Radical Brad
07-16-2013, 07:07 PM
Yep, huge losses, huge noise, metal-on-metal, chain wear.
Changing it will fix a lot of issues.


07-16-2013, 10:15 PM
You missed the point! The center cog at the back and the center cog at the front should be pointing straight at each other, and the line between them parallel to the center line of the wheel.
1/4 inch error is not going to be a disaster over that length of chain. The wheel hub idler is too small, and I would say, not quite true , as it seems to be the cause of the chain dragging off to the right all the time. If it was true, the chain would keep in a straight line, and wear over the whole face, not just one spot. That hub will wear thru quite quickly, by the way.
I have a cast iron roller on my LWB, and it has worn its own little tooth pattern into it over the last year. probably 2mm deep.
Steve G
Just aq stupid thought, but make sure that the chain is threaded through the derailer correctly--not touching any metal except the two small wheels. Back pedal slowly by hand and the only noise you should hear is the freewheel clicking

07-16-2013, 11:20 PM
...in terms of efficiency, my understanding is that chains are designed to run on their rollers, rather than on the links. This may not be such an issue on the slack (non-drive) part of the chain, which may explain why so many use tooled-out delrin, chopping board plastic, skate wheels etc to fashion an idler. A while back I saw some more exotic idlers on the web - very expensive - they were a sort of oversized jockey wheel sandwiched in some kind of plastic, and a proper bearing in the centre. These obviously allow for the chain to run on it's rollers with the least amount of drag. Anyhow, all a moot point to me really, my trike has a straight chain run with no idlers or derailleurs - nice and simple....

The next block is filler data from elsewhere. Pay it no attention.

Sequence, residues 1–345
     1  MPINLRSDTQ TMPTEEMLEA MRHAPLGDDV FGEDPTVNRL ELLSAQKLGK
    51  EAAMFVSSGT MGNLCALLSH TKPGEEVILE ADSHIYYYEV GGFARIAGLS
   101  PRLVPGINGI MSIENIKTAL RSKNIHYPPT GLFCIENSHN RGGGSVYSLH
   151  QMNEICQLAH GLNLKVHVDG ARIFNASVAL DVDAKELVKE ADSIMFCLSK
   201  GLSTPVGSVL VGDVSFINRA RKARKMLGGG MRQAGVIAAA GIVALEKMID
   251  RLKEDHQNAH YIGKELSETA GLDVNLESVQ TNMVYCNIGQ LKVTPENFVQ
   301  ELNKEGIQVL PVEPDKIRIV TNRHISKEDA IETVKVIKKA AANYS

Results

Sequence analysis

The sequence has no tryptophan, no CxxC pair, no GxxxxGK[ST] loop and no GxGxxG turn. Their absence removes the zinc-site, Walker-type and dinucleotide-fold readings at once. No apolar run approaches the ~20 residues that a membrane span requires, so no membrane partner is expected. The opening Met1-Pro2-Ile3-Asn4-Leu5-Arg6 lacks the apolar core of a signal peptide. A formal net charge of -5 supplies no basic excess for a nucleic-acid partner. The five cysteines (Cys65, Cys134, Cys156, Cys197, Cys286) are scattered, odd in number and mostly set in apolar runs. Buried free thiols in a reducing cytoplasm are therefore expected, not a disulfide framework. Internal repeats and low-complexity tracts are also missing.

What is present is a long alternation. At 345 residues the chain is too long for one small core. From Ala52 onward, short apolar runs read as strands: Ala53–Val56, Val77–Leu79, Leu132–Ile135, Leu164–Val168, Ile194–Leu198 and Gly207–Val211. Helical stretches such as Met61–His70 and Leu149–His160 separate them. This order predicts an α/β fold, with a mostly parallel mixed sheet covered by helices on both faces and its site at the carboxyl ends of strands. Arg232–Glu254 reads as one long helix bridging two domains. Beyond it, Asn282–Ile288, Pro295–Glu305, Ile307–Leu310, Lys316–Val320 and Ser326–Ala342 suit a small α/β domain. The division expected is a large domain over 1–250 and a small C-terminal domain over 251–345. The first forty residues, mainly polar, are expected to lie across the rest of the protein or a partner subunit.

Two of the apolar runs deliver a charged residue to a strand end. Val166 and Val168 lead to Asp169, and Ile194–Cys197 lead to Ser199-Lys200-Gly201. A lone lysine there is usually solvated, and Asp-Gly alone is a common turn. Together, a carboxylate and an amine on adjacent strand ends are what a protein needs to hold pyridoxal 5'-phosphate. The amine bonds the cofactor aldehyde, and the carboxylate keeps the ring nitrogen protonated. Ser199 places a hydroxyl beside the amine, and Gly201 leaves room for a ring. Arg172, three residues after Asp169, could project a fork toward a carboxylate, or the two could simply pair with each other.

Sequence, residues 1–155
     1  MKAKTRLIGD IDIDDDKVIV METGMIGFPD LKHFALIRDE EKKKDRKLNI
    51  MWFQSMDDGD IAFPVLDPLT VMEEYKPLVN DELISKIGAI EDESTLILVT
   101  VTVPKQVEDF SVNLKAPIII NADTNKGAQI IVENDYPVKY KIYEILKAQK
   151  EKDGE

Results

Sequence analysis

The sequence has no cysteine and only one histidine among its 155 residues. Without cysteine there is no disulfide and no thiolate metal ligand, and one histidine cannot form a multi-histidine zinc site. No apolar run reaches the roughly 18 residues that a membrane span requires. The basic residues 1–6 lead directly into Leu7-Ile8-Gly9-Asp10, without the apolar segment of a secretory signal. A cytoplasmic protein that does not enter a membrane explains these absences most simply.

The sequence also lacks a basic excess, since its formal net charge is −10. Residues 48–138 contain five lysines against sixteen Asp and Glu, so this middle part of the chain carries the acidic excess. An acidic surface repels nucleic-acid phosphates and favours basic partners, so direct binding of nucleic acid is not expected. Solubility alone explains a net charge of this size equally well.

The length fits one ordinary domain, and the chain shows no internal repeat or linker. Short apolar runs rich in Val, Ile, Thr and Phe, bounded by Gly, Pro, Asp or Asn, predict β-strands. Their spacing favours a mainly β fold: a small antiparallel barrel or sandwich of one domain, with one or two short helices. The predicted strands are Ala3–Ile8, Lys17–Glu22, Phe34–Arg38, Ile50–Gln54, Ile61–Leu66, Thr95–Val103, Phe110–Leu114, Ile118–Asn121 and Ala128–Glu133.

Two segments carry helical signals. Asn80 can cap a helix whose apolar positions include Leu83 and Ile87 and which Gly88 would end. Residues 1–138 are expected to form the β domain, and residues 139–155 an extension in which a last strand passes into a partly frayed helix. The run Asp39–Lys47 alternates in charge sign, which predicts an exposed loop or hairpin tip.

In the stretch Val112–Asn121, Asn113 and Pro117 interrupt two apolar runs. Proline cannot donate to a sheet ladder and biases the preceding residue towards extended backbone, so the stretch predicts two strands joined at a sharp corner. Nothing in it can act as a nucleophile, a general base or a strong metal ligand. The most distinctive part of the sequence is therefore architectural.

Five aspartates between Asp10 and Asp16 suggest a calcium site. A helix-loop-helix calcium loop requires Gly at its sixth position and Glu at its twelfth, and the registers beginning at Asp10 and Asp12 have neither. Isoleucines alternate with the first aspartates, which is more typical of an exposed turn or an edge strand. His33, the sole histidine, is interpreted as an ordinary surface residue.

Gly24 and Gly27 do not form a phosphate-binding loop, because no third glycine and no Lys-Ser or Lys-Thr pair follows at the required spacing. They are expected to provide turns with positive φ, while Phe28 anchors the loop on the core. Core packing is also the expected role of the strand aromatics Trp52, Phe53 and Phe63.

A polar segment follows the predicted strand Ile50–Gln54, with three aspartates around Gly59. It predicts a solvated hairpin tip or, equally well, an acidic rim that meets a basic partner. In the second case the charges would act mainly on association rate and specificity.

07-17-2013, 12:17 AM
Just to be clear on the potential alignment issues, I was referring to every chain contact point along the drivetrain, not the rear wheel, although that would be part of the drivetrain.

From the pictures it looks like you might have a couple of components sorted of twisted in relation to each other meaning that 1 or more components may not be "square" with the frame.


Radical Brad
07-17-2013, 10:00 AM
Another issue with the hub shell idler (which you are getting rid of) is the axle. It will definitely be flexing if you are in a low gear, and would probably bend with any real pedaling forces applied.


07-18-2013, 01:38 PM
I might have found why the de-railer LOOKS like the chain is not in a straight line. I had changed out the de-raier from a Shimo 515 to a shimo RS BUT failed to grinding off the little indexing tab on the back.
I also rotated the de-railer 90 degrees CCW, installed a 4" plastic lawnmower pulley (a wide flat pulley)
Going to test tonight as it is awful warm (read HOT outside) but ran it through the gears while adjusting and lots less noise. Looks like a straighter chain line.

07-18-2013, 08:12 PM
That little bump of metal would definitely cause a problem with the chain run! Well done for working it out . Wake up call for all of us--think we have all had that problem, so next time I will add to my list of possibles!
Hope it works now.
Steve G

07-18-2013, 09:59 PM
THANKS to all the input, I would NEVER thought the idler pulley being so small would cause such power loss.
I just got back from a test ride with plastic 4" pulley that is a flat not V pulley. Started out thinking I had the bike in LOW but it was in 6 gear out of 15 (middle sprocket on crank and largest on rear)
No noise and I felt I was in LOW but was not. BIG DIFFERENCE.
Also grinding off the little nub on the de-railer helped as well.
now to disamble and clean up the frame for primer and paint. I recall using apple cider vinegar to remove rust? and etch the metal for paint??